Dr. Johnson says, that the sense may be this: Let upper Italy, where you are to exercise your valour, see that you come to gain honour, to the abatement, that is, to the disgrace and depression of those that have now lost their antient military fame, and inherit but the fall of the last monarchy. To abate is used by Shakspeare in the original sense of abatre, to depress, to sink, to deject, to subdue.

beware of being captives, Before you serve.] The word serve is equivocal; the sense is, Be not captives before you serve in the war.

But one to dance with!' By heaven, I'll steal

away. i Lord. There's honour in the theft. Par.

Commit it, Count. 2 Lord. I am your accessary; and so farewell.

Ber. I grow to you, and our parting is a tortured body.

i Lord. Farewell, captain.
2 Lord. Sweet monsieur Parolles !

Par. Noble heroes, my sword and yours are kin. Good sparks and lustrous, a word, good metals:You shall find in the regiment of the Spinii, one captain Spurio, with his cicatrice, an emblem of war, here on his sinister cheek; it was this very sword entrenched it: say to him, I live; and observe his reports for me. 2 Lord. We shall, noble captain.

Par. Mars dote on you for his novices! [Exeunt Lords.] What will

you

do ? Ber. Stay; the king

[Seeing him rise. Par. Use a more spacious ceremony to the noble lords; you have restrained yourself within the list of too cold an adieu: be more expressive to them; for they wear themselves in the cap of the time, there, do muster true gait, eat, speak, and move under

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and no sword worn, But one to dance with!] It should be remembered that, in Shakspeare's time, it was usual for gentlemen to dance with swords on. Our author gave to all countries the manners of his own. 2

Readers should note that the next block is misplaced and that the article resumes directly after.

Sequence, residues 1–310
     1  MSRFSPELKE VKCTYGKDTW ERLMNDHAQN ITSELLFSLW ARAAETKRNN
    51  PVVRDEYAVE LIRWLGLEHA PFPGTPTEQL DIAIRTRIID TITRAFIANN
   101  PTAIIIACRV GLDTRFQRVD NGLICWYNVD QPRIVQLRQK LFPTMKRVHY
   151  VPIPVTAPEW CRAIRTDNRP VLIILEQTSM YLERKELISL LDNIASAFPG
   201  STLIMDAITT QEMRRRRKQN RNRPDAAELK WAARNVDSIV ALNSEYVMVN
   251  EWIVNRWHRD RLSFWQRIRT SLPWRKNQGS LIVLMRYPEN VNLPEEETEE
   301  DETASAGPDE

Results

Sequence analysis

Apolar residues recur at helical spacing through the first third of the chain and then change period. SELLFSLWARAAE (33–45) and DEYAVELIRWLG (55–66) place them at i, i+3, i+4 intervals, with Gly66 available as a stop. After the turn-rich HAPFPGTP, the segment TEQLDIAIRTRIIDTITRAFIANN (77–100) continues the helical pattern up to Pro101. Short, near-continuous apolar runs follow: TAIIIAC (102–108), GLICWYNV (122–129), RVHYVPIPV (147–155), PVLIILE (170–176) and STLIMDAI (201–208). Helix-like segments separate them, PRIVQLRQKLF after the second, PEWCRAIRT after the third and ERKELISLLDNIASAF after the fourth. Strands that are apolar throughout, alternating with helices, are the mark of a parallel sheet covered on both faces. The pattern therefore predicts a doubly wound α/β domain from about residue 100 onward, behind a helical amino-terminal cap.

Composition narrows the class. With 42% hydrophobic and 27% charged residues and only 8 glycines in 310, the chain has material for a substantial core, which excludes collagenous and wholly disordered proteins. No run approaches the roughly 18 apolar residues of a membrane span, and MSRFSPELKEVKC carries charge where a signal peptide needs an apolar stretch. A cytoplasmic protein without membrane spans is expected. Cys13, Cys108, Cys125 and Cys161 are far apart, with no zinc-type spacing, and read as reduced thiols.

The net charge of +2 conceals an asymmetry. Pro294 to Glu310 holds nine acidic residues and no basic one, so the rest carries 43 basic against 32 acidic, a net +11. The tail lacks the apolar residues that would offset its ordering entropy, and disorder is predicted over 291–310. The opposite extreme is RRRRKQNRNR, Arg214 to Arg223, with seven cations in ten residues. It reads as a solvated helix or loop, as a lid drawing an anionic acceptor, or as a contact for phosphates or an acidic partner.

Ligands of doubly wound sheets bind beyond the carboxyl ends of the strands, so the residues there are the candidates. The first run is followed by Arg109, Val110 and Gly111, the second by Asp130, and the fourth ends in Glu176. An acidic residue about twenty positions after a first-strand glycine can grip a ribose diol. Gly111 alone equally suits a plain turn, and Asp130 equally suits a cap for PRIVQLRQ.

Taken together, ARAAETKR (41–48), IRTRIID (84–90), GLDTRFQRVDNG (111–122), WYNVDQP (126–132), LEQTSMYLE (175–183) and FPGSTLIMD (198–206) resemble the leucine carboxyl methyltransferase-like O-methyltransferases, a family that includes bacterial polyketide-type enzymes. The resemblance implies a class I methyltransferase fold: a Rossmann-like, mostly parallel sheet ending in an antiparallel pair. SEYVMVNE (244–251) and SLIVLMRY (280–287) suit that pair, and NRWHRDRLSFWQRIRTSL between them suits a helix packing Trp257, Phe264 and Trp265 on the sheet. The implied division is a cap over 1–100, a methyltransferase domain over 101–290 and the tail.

they weur themselves in the cap of the time, there, do muster true gait, &c.] The obscurity of the passage arises from the fantastical language of a character like Parolles, whose affectation of wit urges his imagination from one allusion to another, without allowing time for his judgment to determine their congruity. The cap of time being the first image that occurs, true gait, manner of eating, speaking, &c. are the several ornaments which they muster, place, or arrange in time's cap. This is done under the influence of the most received star; that is, the person in the highest repute for setting the fashions:--and though the devil were to lead the measure or dance of fashion, such is their implicit submission, that even he must be followed. Henley.

the influence of the most received star; and though the devil lead the measure, such are to be followed: after them, and take a more dilated farewell.

Ber. And I will do so.

Par. Worthy fellows; and like to prove most sinewy sword-men.

[Exeunt BERTRAM and PAROLLES.

Enter Lafeu.
Laf. Pardon, my lord, [Kneeling.] for me and

for my tidings.
King. I'll fee thee to stand up.
Laf.

Then here's a man Stands, that has brought his pardon. I would, you Had kneelid, my lord, to ask me mercy; and That, at my bidding, you could so stand up.

King. I would I had; so I had broke thy pate, And ask'd thee

mercy

for't. Laf.

Goodfaith, across :* But, my good lord, 'tis thus; Will

you

be cur'd Of your infirmity? King.

No.
Laf.

O, will you eat
No grapes, my royal fox? yes, but you will,
My noble grapes, an if my royal fox
Could reach them: I have seen a medicine,
That's able to breathe life into a stone;

lead the measure,] i. e. the dance.

across :) This word is used when any pass of wit miscarries. While chivalry was in vogue, breaking spears against a quintain was a favourite exercise. He who shivered the greatest number was esteemed the most adroit; but then it was to be performed exactly with the point, for if achieved by a sidestroke, or across, it showed unskilfulness, and disgraced the practiser.

medicine,] is here put for a she-physician.